Hollywood has spurned Comic Con
13 JUNE 2011
Not really, but that's what you would think from the rush of panicked articles spreading through the interwebs today.
The New York Times notes that Disney, Warner Bros., Dreamworks, the Weinsteins and possibly Marvel (please) are sitting out this summer's dance. ( MTV thinks Marvel will definitely be there.) Newsarama says that's because any bad buzz generated at Comic Con is as lethal as good buzz is lucrative, and besides, all that glittery swag is expensive to produce. That's true; the recession has hit the marketing budgets of movie studios, too.
But mostly it's all getting blamed on poor Scott Pilgrim. Remember last summer's ridiculous banner unscrolling down the side of Hilton? That right there was the sign that expectations were way too high. Hollywood saw promoting to Comic Con nerds as shooting fish in a barrel, because of our rabid fan-mania (and, I suspect, our alleged lack of a social life.) They miscalculated. Twilight would have been Twilight without coming to San Diego, Scott Pilgrim's fan base was never going to look like The Dark Knight's and besides - these days TV is the new Film. The most committed fan devotion these days goes to shows like True Blood, Lost, Game of Thrones, Fringe, The Walking Dead, and so on. Fans give their hearts to stories that continue, not one-shots; nerds love ongoing universes they can get lost in, whether those worlds look like Lord of the Rings or Star Trek. Movies rarely offer that and when they do, it's often a retconned version.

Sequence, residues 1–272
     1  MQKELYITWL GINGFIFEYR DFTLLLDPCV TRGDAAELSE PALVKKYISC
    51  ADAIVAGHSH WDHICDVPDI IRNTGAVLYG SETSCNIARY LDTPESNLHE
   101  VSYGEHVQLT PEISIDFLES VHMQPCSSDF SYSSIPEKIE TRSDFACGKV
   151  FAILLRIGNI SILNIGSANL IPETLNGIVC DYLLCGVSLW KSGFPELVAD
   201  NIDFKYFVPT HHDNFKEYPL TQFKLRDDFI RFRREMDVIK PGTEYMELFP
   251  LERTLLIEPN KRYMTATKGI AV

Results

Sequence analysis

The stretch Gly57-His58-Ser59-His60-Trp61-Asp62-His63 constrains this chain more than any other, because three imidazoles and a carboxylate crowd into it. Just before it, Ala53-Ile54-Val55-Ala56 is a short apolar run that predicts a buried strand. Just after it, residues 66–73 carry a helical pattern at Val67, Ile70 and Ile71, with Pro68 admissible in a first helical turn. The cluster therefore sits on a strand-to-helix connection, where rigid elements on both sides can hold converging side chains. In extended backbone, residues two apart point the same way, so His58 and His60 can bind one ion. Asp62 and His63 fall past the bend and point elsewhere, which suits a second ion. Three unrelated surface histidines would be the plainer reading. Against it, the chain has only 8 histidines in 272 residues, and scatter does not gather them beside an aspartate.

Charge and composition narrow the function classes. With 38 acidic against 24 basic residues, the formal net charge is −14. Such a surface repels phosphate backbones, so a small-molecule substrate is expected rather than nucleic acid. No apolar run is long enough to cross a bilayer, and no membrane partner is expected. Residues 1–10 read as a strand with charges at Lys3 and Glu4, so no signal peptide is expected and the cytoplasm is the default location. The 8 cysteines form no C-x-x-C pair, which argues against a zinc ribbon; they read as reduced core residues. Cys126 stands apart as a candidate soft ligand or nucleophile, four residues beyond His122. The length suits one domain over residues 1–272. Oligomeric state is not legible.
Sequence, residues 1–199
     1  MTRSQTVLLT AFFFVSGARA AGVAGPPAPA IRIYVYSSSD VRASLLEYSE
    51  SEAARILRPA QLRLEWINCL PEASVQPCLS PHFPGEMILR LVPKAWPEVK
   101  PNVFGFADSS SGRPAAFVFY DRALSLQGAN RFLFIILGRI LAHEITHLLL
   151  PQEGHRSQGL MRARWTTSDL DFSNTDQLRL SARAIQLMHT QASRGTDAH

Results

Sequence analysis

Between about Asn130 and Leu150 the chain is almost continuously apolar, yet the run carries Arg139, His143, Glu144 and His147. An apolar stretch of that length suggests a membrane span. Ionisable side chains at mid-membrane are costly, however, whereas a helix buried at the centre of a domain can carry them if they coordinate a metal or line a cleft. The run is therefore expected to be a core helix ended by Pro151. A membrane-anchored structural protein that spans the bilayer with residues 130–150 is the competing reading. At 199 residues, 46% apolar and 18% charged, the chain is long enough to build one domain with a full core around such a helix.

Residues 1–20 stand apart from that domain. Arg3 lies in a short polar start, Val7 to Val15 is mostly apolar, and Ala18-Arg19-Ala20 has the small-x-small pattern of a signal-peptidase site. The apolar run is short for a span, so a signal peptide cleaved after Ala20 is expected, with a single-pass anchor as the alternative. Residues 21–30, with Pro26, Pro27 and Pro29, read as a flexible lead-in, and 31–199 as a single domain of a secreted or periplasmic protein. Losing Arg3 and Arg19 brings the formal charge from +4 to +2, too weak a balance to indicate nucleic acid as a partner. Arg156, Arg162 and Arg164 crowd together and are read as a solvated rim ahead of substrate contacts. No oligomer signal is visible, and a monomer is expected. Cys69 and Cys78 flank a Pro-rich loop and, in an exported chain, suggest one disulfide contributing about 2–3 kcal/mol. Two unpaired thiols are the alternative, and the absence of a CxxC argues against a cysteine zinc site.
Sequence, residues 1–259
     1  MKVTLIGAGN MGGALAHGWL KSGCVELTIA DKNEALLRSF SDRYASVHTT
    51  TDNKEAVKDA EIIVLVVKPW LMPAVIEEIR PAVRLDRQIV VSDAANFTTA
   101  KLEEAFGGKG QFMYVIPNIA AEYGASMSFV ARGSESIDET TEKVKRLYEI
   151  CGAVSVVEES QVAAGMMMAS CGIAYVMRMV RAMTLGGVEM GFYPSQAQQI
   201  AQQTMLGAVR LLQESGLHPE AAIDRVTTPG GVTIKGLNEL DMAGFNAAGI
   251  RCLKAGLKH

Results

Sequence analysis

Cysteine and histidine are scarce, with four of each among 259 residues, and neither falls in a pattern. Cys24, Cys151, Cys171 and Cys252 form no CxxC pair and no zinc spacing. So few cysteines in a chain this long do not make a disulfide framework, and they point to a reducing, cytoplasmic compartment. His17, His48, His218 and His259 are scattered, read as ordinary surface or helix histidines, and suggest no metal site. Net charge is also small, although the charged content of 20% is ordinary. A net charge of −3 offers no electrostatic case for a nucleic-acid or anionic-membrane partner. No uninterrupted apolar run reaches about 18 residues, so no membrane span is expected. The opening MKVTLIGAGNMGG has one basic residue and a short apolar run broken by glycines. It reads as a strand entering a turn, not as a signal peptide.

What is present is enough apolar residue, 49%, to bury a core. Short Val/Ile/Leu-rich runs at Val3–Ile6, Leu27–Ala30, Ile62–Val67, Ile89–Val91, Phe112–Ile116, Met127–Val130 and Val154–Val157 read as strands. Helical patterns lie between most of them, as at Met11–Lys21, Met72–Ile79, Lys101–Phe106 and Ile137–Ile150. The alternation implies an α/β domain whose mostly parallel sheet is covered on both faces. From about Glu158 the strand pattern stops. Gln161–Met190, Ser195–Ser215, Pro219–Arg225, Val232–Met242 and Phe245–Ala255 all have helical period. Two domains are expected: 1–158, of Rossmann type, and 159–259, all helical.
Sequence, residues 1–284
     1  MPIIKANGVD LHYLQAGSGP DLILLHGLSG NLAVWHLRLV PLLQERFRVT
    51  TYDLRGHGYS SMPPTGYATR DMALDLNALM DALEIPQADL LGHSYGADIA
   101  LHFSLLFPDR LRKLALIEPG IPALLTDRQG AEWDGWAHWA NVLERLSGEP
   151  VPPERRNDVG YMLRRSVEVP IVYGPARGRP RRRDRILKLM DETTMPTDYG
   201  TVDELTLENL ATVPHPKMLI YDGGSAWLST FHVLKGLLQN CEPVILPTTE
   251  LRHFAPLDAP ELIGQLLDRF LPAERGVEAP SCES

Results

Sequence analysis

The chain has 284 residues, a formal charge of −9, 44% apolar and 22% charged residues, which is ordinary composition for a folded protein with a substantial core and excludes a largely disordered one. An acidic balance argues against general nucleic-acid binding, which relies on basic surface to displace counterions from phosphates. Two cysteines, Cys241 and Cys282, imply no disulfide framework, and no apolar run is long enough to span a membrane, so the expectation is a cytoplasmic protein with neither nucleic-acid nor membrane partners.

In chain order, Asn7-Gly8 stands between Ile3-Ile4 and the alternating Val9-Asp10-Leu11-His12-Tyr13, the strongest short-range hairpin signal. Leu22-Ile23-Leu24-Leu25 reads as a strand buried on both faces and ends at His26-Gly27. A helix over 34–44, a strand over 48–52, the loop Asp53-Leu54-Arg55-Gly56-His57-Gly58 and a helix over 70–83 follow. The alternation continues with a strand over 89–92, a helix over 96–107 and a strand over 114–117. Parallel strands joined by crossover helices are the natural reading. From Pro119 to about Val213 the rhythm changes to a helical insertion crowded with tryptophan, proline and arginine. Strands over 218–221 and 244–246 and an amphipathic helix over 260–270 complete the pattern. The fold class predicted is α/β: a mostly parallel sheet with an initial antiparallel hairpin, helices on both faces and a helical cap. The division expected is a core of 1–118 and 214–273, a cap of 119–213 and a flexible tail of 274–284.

So what movies will be showcased this year? Rise of the Planet of the Apes, Cowboys and Aliens (again), Spider Man and - sorry - Breaking Dawn. Hall H will have the same lines as always, even if we don't get panels for The Dark Knight Rises and Superman. While some attendees will no doubt be disappointed, I don't think the studios' partial withdrawal is going to affect much. If anything, it will please the many attendees who feel the Con has become too Hollywood in recent years. It could even be a step back toward the years when the Con was less about celebrities and more about comics.